Dad Bod: How Fatherhood Can Change Men's Bodies

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When it comes to pregnancy, the focus is generally on women’s changing bodies. Sure, fathers-to-be may pack on a few pounds during their partners’ pregnancies and beyond, but most people call this “sympathy weight,” not a phenomenon with a true biological basis.

According to Dominic Fano, D.O., a family medicine specialist at Henry Ford Health System, there are plenty of reasons why men might notice their own figures morph when they have a kid — and it’s not just their bodies that are changing.

What’s Behind “Dad Bod”?

There’s a biochemical reason why so many new dads report feeling more emotional and sensitive in the months and years after welcoming a new baby. “Having a baby actually makes your brain bigger — and bigger brains make more hormones,” Dr. Fano says. Some men even develop a condition called Couvade Syndrome, where they experience the same pregnancy symptoms as their partners.

The key biochemicals at play include:

  • Oxytocin: Known as the bonding hormone, oxytocin unleashes a cascade of activity in the brain that plays a key role in creating closeness in relationships. “Oxytocin can lead fathers to become more caring and nurturing,” says Dr. Fano.
  • Dopamine: Known as the brain’s reward chemical, dopamine is the primary culprit in addiction. The dopamine dump you get when you become a new parent drives you back to your baby with every coo, burp and bowel movement.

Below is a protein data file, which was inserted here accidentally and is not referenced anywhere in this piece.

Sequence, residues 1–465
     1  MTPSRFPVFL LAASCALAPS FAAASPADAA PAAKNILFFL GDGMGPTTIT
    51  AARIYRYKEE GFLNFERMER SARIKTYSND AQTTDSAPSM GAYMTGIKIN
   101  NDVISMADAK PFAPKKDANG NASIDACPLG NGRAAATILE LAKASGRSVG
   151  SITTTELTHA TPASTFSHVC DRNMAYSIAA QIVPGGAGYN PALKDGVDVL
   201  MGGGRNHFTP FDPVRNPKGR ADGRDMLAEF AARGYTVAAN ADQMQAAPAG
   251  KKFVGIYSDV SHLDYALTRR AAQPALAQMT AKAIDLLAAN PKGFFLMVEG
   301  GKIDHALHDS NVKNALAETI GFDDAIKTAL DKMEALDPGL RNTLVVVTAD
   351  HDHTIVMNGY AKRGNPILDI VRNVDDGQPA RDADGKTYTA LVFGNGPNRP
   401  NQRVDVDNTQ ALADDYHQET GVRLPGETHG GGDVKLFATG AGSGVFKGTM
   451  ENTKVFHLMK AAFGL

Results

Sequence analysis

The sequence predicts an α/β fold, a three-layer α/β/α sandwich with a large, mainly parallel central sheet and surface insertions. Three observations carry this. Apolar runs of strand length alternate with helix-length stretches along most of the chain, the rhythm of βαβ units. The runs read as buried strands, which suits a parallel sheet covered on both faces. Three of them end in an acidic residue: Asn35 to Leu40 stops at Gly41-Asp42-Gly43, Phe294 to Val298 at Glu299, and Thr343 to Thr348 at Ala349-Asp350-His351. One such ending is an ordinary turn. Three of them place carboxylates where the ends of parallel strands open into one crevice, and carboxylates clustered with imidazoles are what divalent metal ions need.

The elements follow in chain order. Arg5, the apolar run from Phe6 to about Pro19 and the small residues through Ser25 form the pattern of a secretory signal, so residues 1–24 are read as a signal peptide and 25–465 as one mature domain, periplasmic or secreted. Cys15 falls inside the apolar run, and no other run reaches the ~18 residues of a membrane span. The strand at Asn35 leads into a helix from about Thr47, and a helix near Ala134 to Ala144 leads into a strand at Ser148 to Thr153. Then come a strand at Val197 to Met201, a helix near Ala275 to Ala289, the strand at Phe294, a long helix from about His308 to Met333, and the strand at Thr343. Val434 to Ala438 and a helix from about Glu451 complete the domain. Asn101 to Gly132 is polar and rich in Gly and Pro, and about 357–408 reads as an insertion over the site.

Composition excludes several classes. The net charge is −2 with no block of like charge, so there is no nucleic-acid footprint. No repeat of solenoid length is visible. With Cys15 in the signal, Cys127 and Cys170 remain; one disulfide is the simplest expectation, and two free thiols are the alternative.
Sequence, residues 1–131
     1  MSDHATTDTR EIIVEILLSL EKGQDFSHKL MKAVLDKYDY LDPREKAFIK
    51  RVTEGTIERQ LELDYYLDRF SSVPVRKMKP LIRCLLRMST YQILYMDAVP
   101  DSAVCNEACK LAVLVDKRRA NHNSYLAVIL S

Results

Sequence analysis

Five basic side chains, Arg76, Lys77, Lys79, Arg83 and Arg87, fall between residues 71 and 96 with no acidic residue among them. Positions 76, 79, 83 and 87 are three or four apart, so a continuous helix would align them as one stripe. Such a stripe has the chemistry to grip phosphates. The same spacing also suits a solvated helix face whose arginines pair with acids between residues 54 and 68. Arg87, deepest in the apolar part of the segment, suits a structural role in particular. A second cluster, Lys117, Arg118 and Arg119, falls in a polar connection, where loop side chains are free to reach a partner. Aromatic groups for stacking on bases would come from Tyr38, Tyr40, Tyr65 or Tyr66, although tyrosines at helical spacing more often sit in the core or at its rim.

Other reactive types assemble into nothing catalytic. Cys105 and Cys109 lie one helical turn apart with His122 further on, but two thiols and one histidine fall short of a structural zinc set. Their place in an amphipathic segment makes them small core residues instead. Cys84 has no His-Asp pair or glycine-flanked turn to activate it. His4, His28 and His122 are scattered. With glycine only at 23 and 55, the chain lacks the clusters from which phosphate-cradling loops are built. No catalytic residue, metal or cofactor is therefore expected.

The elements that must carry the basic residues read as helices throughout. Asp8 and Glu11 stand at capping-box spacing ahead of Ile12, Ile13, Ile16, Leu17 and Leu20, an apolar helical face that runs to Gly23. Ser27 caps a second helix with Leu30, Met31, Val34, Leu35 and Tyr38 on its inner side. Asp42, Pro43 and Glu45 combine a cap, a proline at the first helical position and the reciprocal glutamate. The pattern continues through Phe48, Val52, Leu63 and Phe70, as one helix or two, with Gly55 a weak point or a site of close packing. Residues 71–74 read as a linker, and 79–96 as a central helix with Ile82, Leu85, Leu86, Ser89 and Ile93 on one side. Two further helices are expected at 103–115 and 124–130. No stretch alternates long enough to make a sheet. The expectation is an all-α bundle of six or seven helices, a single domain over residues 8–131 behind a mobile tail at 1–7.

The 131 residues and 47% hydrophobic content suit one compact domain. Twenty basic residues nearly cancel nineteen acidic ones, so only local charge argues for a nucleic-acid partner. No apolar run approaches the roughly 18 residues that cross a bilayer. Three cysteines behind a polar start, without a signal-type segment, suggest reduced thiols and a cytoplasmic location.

• Testosterone: When your brain is busy churning out oxytocin and dopamine, testosterone levels tend to take a nosedive. The drop in testosterone not only leads to decreased muscle mass, but it may also impact energy levels. Add nightly takeout and comfort calories to the mix, and it’s no wonder so many new dads gain weight.

Simple aging is also responsible for men’s changing bodies. “Between the ages of 30 and 55, men’s weight continues to rise — and that weight gain is more significant among fathers,”Dr. Fano explains. “From a medical standpoint, men need to be aware of that shift because it could be something we can redirect.”

Reclaiming Your Pre-Parental Body

Welcoming a new baby can trigger seismic lifestyle shifts. Maybe you used to work out regularly but now can’t make time for exercise. Or you cooked clean meals several nights each week pre-baby but now you’re hitting a drive-thru on your way home from work. Or maybe your six hours of consecutive sleep has dwindled to four.

No matter what your “new normal” has become, every new father should schedule a wellness visit with his physician, according to Dr. Fano. Too-low testosterone levels can lead to mild-to-moderate depression. Hormonal changes may also impact blood pressure and blood sugar levels, which can increase a man’s risk of developing chronic conditions down the road. In both cases, lifestyle strategies, including dietary changes and exercise, can help counter the impact.

Most important, remember parental weight is associated with childhood weight. If you eat a clean diet, exercise regularly and strive to achieve and maintain a healthy weight, your child is likely to follow suit. In cases like these, the apple really doesn’t fall far from the tree.


To find a doctor or mental health professional at Henry Ford, visit henryford.com or call 1-800-HENRYFORD (436-7936).

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Dr. Dominic Fano is a family medicine doctor who sees patients at Henry Ford Medical Center - Troy.

Categories: FeelWell